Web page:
Flame Malware Signed By 'Rogue' Microsoft Cert, Once Again Highlights Problems With Relying On Certs

from the time-to-move-forward dept

We've discussed in the past just how dangerous our reliance on Certificate Authorities "signing" security certificates has become. This is a key part of the way we handle security online, and yet it's clearly subject to abuse. The latest such example: the now infamous Flame malware that targeted computer systems in the Middle East was signed by a "rogue" Microsoft certificate -- one which was supposed to be used for allowing employees to log into a remote system. Microsoft rushed out a security update over the weekend, but that doesn't change the core problem: the whole setup of relying so heavily on secure certificates seems to be increasingly dangerous.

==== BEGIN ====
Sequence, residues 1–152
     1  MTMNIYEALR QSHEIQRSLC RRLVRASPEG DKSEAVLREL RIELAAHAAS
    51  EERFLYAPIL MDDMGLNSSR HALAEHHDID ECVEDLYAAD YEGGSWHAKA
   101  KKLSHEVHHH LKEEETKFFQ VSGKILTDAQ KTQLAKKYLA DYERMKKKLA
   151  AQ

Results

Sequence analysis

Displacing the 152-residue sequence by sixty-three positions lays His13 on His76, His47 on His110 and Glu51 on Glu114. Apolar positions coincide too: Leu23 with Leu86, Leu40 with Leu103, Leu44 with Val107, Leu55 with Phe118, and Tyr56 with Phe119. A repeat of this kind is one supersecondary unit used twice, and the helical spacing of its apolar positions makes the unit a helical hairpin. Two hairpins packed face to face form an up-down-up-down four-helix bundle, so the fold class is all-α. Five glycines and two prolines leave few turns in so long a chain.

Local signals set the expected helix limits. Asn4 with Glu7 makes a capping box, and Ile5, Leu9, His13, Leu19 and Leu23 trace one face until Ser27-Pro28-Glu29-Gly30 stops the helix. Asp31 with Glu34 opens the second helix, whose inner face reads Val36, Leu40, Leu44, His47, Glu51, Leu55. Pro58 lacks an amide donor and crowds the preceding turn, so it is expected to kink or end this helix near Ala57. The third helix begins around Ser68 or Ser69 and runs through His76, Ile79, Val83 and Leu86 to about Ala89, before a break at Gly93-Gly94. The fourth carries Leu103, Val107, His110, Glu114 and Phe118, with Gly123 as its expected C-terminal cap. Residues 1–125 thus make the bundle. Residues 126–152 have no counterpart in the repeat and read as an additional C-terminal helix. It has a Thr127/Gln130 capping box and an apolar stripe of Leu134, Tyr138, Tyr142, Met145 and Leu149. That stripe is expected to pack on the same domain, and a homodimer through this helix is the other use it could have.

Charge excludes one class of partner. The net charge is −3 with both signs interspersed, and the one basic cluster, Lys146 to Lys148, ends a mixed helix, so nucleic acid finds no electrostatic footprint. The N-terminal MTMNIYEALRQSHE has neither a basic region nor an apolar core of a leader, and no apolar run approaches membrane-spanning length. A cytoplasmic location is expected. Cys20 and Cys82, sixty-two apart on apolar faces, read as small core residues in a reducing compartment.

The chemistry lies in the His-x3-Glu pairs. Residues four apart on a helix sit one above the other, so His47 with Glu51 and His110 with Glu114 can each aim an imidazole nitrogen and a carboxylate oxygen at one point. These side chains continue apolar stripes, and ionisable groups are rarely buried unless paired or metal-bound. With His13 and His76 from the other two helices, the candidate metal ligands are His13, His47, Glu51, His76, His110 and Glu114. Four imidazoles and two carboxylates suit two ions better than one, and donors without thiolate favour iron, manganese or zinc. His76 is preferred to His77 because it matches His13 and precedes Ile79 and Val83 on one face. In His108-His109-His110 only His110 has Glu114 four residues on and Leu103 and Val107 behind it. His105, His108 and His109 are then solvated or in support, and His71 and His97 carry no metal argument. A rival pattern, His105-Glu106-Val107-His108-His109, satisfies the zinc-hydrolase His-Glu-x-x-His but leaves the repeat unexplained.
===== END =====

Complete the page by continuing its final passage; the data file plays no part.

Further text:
Filed Under: certificate authorities, flame, malware, middle east, security
Companies: microsoft


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  1. identicon
    Anonymous Coward, 5 Jun 2012 @ 7:05am

    Re: Re:

    DNSSEC is only complimentary to a secure connection between a host and client as it only verifies that the host is correct from the authoritative name server. Encryption between the host and client is still necessary. With an incident like DNSChanger or a poisoned caching server, you could still be lead to a false server with a false certificate and become compromised.
    The only solution that I recommend is simply running your own caching server, and setting up monitoring of DNS records to alert you of any changes. This however doesn't scale very well outside of an office/home environment, and takes some technical skill on the part of the end user.

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